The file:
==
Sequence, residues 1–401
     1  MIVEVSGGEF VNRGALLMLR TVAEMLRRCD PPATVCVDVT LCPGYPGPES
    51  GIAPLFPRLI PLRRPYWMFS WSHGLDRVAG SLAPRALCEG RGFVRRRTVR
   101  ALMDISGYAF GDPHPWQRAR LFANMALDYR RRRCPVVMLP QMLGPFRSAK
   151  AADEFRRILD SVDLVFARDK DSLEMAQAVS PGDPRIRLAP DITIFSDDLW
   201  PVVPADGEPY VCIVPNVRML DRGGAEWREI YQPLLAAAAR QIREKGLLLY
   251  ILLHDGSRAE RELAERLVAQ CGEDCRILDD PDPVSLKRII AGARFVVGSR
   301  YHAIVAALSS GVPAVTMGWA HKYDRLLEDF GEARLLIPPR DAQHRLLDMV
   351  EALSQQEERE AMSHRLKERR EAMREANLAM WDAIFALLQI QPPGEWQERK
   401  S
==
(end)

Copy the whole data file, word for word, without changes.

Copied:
Sequence, residues 1–401
     1  MIVEVSGGEF VNRGALLMLR TVAEMLRRCD PPATVCVDVT LCPGYPGPES
    51  GIAPLFPRLI PLRRPYWMFS WSHGLDRVAG SLAPRALCEG RGFVRRRTVR
   101  ALMDISGYAF GDPHPWQRAR LFANMALDYR RRRCPVVMLP QMLGPFRSAK
   151  AADEFRRILD SVDLVFARDK DSLEMAQAVS PGDPRIRLAP DITIFSDDLW
   201  PVVPADGEPY VCIVPNVRML DRGGAEWREI YQPLLAAAAR QIREKGLLLY
   251  ILLHDGSRAE RELAERLVAQ CGEDCRILDD PDPVSLKRII AGARFVVGSR
   301  YHAIVAALSS GVPAVTMGWA HKYDRLLEDF GEARLLIPPR DAQHRLLDMV
   351  EALSQQEERE AMSHRLKERR EAMREANLAM WDAIFALLQI QPPGEWQERK
   401  S